Protecting Your Body from Painful Rotator Cuff Injuries
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The rotator cuff isn’t a singular muscle, but a fan-shaped group of muscles and tendons that surround the shoulder. Despite its name, the rotator cuff’s primary purpose is not to rotate the shoulder, but to keep the upper arm bone centered as the surrounding muscles move.
Rotator cuff injuries are common among people who frequently perform overhead motions—either in sports or in their jobs. An injury to the rotator cuff typically causes a dull ache in the shoulder, which can become worse at night when sleeping on the injured side.
Common causes of injury to the rotator cuff include blunt trauma injuries, such as a fall, overuse injuries from poor postural positioning and tears from playing sports such as golf and tennis, or lifting heavy objects.
Rotator cuff injuries can be prevented with strengthening exercises, and in the event of an injury, physical therapy to increase flexibility and strength of the muscles and tissues in the rotator cuff is often successful. In cases of severe injuries, surgical repair might be necessary.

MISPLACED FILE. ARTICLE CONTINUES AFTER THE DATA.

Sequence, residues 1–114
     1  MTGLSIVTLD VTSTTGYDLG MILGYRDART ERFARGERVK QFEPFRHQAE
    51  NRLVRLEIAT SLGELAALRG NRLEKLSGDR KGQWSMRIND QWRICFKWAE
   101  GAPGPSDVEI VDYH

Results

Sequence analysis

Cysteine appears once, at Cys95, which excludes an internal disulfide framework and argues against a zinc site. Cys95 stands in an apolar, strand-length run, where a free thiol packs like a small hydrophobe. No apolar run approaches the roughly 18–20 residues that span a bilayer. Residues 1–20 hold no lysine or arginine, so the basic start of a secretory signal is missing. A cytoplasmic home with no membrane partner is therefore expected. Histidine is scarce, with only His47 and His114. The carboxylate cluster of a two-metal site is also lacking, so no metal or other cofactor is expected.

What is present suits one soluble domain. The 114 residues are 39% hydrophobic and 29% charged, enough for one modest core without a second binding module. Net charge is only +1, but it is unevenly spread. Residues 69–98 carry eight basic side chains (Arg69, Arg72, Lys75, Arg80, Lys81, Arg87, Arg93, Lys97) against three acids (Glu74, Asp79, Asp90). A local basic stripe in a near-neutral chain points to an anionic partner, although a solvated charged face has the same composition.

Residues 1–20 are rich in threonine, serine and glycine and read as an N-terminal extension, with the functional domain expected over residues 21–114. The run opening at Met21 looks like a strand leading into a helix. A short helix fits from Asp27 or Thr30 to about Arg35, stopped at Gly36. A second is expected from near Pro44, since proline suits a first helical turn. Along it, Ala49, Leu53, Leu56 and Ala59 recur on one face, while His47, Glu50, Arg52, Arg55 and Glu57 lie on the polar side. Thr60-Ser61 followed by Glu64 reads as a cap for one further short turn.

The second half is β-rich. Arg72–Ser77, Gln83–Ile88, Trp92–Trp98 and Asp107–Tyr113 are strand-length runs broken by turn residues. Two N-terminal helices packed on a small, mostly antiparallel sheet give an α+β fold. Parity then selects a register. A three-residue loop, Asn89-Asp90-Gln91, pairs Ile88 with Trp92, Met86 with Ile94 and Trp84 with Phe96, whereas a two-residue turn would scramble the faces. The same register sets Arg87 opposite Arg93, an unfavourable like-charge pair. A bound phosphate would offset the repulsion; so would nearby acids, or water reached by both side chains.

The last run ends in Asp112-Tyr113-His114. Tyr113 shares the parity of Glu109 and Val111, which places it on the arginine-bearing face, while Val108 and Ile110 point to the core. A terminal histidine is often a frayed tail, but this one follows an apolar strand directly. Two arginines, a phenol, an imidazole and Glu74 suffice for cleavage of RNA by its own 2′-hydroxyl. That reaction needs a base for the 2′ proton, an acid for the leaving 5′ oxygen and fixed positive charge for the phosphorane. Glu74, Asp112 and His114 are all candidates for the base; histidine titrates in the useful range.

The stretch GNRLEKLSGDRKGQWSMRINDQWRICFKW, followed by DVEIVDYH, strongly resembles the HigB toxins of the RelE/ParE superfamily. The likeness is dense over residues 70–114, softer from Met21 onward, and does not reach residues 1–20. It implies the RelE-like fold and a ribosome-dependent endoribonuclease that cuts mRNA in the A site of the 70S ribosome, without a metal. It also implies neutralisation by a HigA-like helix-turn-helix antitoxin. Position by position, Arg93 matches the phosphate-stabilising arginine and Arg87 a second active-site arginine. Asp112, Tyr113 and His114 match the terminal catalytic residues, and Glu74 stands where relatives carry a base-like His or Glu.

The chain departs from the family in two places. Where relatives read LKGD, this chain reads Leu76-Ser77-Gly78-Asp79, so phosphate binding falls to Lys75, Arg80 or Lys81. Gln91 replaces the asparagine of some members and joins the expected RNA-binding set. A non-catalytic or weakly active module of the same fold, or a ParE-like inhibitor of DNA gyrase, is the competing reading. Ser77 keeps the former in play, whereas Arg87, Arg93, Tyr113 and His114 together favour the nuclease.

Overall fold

Robert Treece, Cooper Fitness Professional Fitness Trainer, explains how exercise can prevent rotator cuff injuries and tears.
Strengthening the rotator cuff requires strengthening surrounding muscle groups. “There are a lot of similar muscle fibers that align with the rotator cuff, including the pecs, lats and deltoid muscles,” said Treece. “If those aren’t working correctly, the rotator cuff is left vulnerable and must take on additional stress.”
Band stretches are some of the best exercises you can do to strengthen the muscles that surround the shoulder. There are two types of exercises to strengthen the rotator cuff:
Isolated rotator cuff exercises pinpoint the rotator cuff specifically and are focused on strengthening those muscles.
Integrated rotator cuff exercises are focused on how the rotator cuff relates to shoulder motion, spinal motion and hip motion and works on strengthening the various links in that chain.
Watch this video of Treece demonstrating exercise moves to strengthen rotator cuffs. “It’s important to understand that the rotator cuff is not usually the sole issue in a rotator cuff problem,” said Treece. To that end, prevention should focus on proper alignment, posture and motion through the hips, spine and shoulder, as well as strengthening the muscles directly around the shoulder.
To learn about training at Cooper Fitness Center with Robert Treece or a Professional Fitness Trainer, call 972.233.4832.
Article provided by Cooper Aerobics Marketing and Communications.